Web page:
Jurors Would Like to See Retrial, Conviction - NBC Chicago
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Jurors Would Like to See Retrial, Conviction



    Jurors Would Like to See Retrial, Conviction
    In this courtroom sketch, Sam Adam Jr., left, attorney for former Illinois Gov. Rod Blagojevich delivers his opening argument to the jury during Blagojevich's federal corruption trial Tuesday, June 8, 2010 in Chicago. (AP Photo/Verna Sadock)

    Several of the jurors in the just-concluded corruption trial of former Gov. Rod Blagojevich said they believe the government has strong evidence against the well-coifed politician and said they'd like to see him retried.

    "The prosecution did what it needed to do, in my opinion" said Ralph Schindler from the backyard of his Arlington Heights home. 

    Schindler, who was known as juror number 137 during the trial, said he thought the former governor was guilty on all 24 charges.    

    "None of them were unanimous the first time we went through them.  Even the one we found guilty was not unanimous the first time," he said, referring to the jury's 11-1 vote on whether or not Blagojevich tried to sell the vacant U.S. Senate seat to the highest bidder.  

    Juror John Grover said he hoped his panel would have been able to deliver more guilty verdicts.

    "I feel satisfied for what I was able to do.  I'm not really satisfied with the outcome of it, but I'm content on what I did.  I did my part," he said.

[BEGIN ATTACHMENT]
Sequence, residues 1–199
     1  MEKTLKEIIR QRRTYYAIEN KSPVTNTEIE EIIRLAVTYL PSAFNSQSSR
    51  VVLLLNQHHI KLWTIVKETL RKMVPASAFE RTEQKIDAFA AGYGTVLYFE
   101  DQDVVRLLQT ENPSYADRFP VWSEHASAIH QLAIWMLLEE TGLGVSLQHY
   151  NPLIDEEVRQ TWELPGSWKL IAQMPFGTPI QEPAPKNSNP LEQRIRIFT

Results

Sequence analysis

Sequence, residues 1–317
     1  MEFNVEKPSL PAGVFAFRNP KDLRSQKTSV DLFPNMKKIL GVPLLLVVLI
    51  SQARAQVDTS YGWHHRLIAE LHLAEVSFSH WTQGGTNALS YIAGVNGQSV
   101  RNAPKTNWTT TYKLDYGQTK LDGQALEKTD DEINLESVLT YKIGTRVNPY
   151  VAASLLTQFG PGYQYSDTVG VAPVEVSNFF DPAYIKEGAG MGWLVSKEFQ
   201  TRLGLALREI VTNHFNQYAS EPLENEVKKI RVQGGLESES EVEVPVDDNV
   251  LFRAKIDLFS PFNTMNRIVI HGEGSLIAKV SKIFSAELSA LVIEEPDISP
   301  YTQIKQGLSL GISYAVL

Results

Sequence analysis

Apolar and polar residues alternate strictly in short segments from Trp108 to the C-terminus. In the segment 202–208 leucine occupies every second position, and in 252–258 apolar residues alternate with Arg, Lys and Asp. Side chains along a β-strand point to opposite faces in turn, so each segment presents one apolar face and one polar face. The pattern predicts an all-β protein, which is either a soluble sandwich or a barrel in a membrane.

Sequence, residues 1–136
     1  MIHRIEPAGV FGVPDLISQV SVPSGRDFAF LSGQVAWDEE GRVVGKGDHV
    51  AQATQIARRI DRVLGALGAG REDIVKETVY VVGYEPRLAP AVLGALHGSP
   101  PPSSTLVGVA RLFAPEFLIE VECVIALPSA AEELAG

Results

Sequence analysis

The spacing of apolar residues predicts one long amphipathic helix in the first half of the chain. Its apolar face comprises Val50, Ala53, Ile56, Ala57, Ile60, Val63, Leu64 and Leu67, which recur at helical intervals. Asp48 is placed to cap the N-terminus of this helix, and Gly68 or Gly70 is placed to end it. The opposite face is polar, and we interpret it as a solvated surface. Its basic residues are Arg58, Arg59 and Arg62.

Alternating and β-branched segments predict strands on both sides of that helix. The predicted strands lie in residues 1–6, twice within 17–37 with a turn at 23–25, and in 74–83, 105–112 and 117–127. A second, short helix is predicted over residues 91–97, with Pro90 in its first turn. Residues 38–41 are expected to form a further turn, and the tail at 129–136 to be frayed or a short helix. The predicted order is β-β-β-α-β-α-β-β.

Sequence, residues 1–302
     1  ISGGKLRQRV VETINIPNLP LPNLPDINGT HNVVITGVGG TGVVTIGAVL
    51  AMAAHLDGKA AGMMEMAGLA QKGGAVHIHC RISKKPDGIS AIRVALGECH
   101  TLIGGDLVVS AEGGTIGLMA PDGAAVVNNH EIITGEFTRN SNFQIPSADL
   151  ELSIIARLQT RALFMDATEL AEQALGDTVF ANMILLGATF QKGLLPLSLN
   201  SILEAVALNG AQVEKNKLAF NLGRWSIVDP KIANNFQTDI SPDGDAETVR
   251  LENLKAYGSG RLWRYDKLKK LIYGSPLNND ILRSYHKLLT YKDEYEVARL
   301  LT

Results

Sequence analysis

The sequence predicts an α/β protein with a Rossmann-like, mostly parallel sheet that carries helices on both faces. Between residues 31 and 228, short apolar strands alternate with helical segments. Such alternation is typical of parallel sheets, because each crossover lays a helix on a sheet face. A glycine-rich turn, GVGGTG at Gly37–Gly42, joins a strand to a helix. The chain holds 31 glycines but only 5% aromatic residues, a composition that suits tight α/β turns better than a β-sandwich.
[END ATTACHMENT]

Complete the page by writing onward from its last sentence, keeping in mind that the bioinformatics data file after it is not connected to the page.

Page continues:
Juror Jacklyn Ferino, 28, said the team worked to the best of their ability but in the end could not convince the holdout to change her vote.

    "That verdict was the best we could come up with," she told the Chicago Tribune.

    As for the jury's request on Wednesday for a copy of the oath they'd taken, Schindler said that was for him.

    "It had begun to become clear to me we were not going to reach a unanimous verdict on any but maybe one or two counts and I wanted to see if, based on the oath taken, I felt I had done what my job was.  I've taken a number of paths in my career, and want to make sure that I live up to them," said the military veteran who spent 21 years in the U.S. Navy.
    Schindler is not surprised by the prosecution's request for a retrial, but said it may be helpful for the government attorneys to provide another organizational roadmap for the jurors, just at a slower pace. 

    "I found it very difficult to keep up,  I couldn't write notes fast enough," he said.